This is identifiable when people try to do things in a different way, when they accept challenges to solve problems that directly affect their lives (López Martínez, 2001).

Creativity is necessary in all activities, because it allows the development of cognitive and affective aspects important for the performance of daily tasks in the nursing home. The incorporation of creativity to the elderly care homes represents the possibility of having it as an agent of change capable of facing the challenges in a different and daring way.

For Sternberg (1997), creativity is the future. Ideas put into practice are the future. Progress is a succession of ideas put into practice and stacked on top of each other. It is a rising value, the spring that drives technological, cultural, financial, intellectual and personal advancement.

So, we believe that by encouraging the development and implementation of creativity in nursing home workers who support and care for the elderly, we can contribute to improve the emotional management and support of older people with respect to the fear, sadness, anxiety and loneliness that this pandemic is producing.

The project has a strong link to European employment and education policies. The “Europe 2020” strategy for growth and employment set the objective of achieving an employment rate of 75% for the working age population (20-64 years). The European Commission’s strategy recognises that growth and employment in Europe are crucially dependent on having the right skills in its population.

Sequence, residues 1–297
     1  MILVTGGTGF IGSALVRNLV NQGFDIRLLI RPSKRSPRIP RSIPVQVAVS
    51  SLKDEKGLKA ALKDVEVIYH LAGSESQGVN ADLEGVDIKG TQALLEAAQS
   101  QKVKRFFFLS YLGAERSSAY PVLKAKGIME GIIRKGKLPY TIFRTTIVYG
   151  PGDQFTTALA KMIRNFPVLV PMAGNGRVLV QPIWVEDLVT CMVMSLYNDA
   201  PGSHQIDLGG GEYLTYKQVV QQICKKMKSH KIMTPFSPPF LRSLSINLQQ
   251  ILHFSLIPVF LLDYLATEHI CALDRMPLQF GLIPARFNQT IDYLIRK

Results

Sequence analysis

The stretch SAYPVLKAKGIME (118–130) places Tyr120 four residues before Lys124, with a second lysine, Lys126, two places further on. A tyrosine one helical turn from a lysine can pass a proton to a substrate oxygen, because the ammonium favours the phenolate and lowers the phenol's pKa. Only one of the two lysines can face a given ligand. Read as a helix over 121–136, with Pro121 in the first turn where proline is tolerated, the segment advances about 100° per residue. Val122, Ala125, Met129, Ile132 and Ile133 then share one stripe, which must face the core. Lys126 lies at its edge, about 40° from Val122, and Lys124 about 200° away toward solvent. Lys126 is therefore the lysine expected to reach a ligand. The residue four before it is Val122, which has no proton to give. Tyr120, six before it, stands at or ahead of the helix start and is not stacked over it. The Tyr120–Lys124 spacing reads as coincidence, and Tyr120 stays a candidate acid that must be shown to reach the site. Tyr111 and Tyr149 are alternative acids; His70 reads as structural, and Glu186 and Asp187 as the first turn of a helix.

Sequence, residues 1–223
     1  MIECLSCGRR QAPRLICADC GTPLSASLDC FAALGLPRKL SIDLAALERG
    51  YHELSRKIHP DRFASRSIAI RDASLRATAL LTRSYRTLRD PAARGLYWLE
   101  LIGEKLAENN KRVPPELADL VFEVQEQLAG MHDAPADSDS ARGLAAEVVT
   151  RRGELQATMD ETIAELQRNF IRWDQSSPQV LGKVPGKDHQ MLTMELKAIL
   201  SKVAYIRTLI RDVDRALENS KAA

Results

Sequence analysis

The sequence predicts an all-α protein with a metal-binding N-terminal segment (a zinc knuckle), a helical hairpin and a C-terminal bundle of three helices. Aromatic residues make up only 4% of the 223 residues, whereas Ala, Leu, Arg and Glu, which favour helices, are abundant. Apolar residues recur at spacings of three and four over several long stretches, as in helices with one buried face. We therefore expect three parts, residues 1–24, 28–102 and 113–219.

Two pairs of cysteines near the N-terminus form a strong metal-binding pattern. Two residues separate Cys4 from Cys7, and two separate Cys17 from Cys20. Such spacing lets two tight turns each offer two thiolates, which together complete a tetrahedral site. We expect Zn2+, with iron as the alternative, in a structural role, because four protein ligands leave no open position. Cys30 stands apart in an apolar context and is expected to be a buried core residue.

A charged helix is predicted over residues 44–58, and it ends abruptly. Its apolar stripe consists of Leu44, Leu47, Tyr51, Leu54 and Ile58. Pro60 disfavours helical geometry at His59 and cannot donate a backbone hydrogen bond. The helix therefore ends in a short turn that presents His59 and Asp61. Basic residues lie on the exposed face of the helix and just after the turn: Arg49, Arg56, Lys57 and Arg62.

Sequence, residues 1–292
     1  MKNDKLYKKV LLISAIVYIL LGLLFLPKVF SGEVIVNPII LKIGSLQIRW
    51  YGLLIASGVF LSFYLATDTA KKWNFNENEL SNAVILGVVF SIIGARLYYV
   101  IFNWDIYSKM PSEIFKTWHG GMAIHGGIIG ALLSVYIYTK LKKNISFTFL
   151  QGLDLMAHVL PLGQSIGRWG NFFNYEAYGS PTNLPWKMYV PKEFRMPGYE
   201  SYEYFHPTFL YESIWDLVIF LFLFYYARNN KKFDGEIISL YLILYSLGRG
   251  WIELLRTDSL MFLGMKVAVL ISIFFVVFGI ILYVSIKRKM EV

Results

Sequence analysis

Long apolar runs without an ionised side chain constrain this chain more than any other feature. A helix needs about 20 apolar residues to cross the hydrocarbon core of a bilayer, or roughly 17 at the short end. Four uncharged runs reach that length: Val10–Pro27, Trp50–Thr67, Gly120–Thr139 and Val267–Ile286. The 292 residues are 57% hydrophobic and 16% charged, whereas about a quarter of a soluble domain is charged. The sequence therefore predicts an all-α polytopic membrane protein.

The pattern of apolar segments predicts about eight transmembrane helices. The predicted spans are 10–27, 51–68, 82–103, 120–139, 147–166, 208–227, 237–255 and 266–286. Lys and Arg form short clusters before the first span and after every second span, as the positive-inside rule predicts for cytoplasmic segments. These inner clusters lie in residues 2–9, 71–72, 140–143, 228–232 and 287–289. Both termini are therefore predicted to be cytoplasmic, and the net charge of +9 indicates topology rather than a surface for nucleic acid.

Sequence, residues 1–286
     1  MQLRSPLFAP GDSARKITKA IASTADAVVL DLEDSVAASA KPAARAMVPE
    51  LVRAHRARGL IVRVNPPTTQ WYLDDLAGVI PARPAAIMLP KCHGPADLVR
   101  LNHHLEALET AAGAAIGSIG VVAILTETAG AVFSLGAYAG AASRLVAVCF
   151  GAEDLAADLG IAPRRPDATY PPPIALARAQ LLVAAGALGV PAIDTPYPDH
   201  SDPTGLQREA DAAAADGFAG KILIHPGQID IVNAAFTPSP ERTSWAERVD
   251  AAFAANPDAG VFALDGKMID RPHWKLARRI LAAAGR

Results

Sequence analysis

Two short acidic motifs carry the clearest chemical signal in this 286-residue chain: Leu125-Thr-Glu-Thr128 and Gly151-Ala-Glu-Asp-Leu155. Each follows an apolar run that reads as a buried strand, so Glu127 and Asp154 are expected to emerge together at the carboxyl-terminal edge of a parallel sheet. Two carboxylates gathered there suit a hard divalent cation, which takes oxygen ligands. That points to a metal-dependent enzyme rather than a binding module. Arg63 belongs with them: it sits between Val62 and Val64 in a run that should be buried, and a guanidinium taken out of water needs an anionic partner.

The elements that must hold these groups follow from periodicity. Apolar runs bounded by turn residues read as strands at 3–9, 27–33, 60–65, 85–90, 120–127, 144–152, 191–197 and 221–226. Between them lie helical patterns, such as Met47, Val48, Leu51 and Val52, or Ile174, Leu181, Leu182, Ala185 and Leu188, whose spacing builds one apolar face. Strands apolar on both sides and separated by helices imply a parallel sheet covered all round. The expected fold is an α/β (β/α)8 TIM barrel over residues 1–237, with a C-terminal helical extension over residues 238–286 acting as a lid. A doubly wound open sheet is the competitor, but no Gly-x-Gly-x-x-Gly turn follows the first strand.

The Creating Wellbeing project will create materials that stimulate creativity and opportunities for low-skilled people in elderly care homes. These materials will be new and complementary to other products developed by the partners.

The project consists of developing methodologies and processes to provide specific answers to and support for the problems of loneliness, fear, sadness and anxiety that older people living in care homes experience through the creativity of people who work with and support older people. We will create and develop creative formulas to give answers to the different situations of workers with the elderly.

These are not closed formulas but we provide open methodologies so that each person, through learning and guided research can reach context-specific solutions and respond creatively to the particular emotional situation being faced by the elderly in their care.

Professionals need to acquire certain specific skills and competences in order to be able to care for older people in a more appropriate way.

The key innovations of the project focus on two aspects:

We believe that the project is innovative because it responds to the clear and current demands on the health and welfare of the elderly in care homes produced by the situation of COVID19 and derived from the new challenges that these workers face when having to adapt their working practices to the new working environments in the care homes of elderly people.

A new trend in caring for the elderly that is spreading around the world as a result of the pandemic situation calls for a transition in the training of workers in nursing homes. Having only professional skills to care for the elderly in nursing homes may not be enough to do a good job. In addition to workplace skills, emotional management skills are also required to provide a more humane response to the needs of elderly people in care care. This project will determine which are the creative processes for professionals to acquire new skills and professional competences to develop a much more effective work in their working environment.